Discussion: (5 comments)
Comments are closed.
The public policy blog of the American Enterprise Institute
View related content: Pethokoukis
Here is a really interesting exchange on inequality between AEI’s Charles Murray and the Wall Street Journal’s Mary Kissel (via RealClearPolitics):
MARY KISSEL, WSJ: Why are these themes that are so divisive, income inequality, fairness, why do Democrats use them? Why do they work?
CHARLES MURRAY: Partly they use them for their own reasons, but they do it partly because the American upper class has given them a wide open target.
KISSEL: You’re blaming the 1 percent, why?
MURRAY: Yeah, to a great extent. I’ll give you some examples: the 25,000 square foot homes, the private jets, but more than that, the sense that a lot of Americans have that the game is rigged now. And the problem is, a lot of that is true.
KISSEL: But Charles, we’re a capitalist society, what’s rigged? I mean, if you make a lot of money, what is wrong with building a big home or owning a private jet? We would support that on the editorial page.
MURRAY: There’s a couple of things, one is that it’s an American tradition that you don’t get too big for your britches once you get rich.
KISSEL: I thought that was a Social Democratic tradition in Britain or Australia. The tall poppy syndrome.
MURRAY: No, that was very capitalist, that you were one of the people once you got successful. That’s not nostalgia, that’s true. Back in the 1960s or 50s, when I was growing up, the executives of the Maytag company, in the town where I lived, wouldn’t buy Cadillacs, that was getting too fancy, too flamboyant.
There’s another thing that’s going on, Mary, which is even bigger: capitalism in bed with the government. Big time. The American people look at the way people make zillions of bucks because they can get the regulations they want to, because they get the government to support their technology. They see that going on, plus the crony capitalism. And the number of these capitalists are enthusiastically in favor of real competition is depressingly small.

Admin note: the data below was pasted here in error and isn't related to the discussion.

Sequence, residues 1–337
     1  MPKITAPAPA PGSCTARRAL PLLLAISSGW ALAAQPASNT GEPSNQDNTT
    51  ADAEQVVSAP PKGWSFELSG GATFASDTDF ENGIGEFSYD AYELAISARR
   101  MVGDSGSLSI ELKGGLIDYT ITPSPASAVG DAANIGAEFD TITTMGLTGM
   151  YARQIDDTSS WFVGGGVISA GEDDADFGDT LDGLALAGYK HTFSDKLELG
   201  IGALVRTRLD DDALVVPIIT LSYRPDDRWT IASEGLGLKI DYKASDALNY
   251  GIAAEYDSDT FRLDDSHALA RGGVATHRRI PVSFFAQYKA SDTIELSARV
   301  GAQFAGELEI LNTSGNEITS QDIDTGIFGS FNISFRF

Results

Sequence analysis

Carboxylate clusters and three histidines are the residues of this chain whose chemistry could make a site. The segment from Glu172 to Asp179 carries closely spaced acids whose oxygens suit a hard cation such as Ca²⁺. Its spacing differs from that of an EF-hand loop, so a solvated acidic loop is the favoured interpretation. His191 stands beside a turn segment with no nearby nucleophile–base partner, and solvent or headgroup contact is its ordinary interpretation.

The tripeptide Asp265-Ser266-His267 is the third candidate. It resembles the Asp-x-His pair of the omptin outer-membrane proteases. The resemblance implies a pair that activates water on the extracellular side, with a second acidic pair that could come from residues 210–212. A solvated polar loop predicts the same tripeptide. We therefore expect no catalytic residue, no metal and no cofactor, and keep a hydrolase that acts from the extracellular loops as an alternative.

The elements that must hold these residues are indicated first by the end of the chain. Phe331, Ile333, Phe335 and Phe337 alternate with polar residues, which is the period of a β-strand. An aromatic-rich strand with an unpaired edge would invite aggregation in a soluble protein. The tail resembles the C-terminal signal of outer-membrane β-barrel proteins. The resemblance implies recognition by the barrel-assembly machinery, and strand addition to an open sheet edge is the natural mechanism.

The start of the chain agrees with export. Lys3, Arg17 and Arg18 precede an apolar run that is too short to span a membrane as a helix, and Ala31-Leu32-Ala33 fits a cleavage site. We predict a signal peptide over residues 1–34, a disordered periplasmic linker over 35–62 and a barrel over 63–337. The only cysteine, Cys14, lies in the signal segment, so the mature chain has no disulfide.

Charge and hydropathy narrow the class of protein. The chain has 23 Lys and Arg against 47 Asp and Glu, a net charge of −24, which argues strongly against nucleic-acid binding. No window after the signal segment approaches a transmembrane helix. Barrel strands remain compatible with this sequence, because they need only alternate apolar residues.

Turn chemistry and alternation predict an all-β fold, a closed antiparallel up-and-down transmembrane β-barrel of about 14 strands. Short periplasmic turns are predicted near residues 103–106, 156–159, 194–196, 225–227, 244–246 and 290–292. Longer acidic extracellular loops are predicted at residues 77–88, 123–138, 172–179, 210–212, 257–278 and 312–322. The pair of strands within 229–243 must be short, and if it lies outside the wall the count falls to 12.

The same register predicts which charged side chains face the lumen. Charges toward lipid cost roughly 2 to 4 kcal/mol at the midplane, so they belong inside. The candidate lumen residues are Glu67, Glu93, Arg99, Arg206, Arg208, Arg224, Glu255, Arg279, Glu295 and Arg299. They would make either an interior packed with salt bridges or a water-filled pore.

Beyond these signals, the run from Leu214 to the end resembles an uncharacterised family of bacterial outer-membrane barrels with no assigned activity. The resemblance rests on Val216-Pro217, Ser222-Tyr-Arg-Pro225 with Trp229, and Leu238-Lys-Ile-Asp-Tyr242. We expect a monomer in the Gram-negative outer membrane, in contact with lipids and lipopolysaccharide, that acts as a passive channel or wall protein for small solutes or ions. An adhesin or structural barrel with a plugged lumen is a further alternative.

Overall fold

KISSEL: Alright, but when the Democrats say the game is rigged, I’m thinking of Massachusetts Senator Liz Warren, this is a theme she uses all the time. She’s not talking about less regulation, she’s talking about more.
MURRAY: Yeah, yeah. I have no truck with the Warrens of the world. I’m actually speaking as someone who loves competition and free enterprise. And I’m saying to the people who are supposedly on my side, you guys better practice what you preach. Because a lot of you aren’t.
KISSEL: Do you think that the Occupy Wall Street movement on the left, and the Tea Party on the right are both reactions to that same thing, that kind of cronyism?
MURRAY: It’s the same thing, there is a new upper class no that is increasingly really happy being a new upper class. They have left behind the American tradition of saying hey, we’re just folks. They are, actually, rather enjoying the position. It’s Un-American, Mary.
Plenty of center-right folks don’t even think inequality is worth talking about, that doing so accepts a left-wing worldview. But Murray is right in that there can be unseemly aspect to all this: As Murray writes in Coming Apart:
Recently I asked a successful entrepreneur, an ardent proponent of free markets, what he thought about the bonus of several hundred million dollars that a board had decided to award a departing CEO of a large company as a thank-you gift. He looked at me sharply and said, “It’s obscene.” That is a reasonable way for people to react whether they are liberal, conservative, or libertarian — the issue is not what should be legal but what is seemly.
And Murray is bang on in lamenting how crony capitalism is driving inequality, not to mention making the US economy less efficient, whether it is “too big to fail’ backstops for the megabanks or strict patent and copyright law. Murray wants the wealthy to preach the values they practice, such as work and marriage, and business community to practice what its preaches about competition and markets.
Comments are closed.
1150 17th Street, N.W. Washington, D.C. 20036
© 2015 American Enterprise Institute for Public Policy Research